The Courier News from Blytheville, Arkansas on December 15, 1953 · Page 7
Get access to this page with a Free Trial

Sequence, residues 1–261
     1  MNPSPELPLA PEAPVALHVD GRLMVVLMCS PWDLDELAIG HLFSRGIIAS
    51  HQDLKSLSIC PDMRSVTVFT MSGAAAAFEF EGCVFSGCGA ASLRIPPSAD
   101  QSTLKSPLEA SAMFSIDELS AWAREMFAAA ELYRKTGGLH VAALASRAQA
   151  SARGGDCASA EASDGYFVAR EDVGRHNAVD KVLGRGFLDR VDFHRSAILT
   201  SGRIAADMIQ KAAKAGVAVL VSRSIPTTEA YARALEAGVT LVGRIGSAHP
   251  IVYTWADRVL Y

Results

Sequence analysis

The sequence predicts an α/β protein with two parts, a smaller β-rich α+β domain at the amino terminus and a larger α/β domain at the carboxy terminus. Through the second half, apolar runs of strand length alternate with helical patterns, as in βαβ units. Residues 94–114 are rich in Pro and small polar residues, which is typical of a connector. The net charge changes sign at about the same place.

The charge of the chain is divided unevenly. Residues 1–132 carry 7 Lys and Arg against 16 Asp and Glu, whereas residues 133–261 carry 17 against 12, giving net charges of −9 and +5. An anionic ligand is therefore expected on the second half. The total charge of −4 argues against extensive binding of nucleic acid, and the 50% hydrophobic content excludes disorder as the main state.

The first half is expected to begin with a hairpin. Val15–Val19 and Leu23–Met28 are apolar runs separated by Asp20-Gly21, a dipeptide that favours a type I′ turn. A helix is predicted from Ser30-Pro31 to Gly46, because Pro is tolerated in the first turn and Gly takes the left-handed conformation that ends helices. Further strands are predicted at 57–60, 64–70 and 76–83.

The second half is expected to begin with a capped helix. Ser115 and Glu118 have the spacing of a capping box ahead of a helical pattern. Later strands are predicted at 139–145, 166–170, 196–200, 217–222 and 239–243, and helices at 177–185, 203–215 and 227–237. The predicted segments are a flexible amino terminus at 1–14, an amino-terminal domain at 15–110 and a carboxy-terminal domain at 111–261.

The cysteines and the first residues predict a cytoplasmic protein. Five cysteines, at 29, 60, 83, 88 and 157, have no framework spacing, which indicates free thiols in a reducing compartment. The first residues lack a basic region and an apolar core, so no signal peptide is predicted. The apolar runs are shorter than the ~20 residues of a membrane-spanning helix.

The Courier News from Blytheville, Arkansas · Page 7

Blytheville, Arkansas
Issue Date:
Tuesday, December 15, 1953
Page 7
Start Free Trial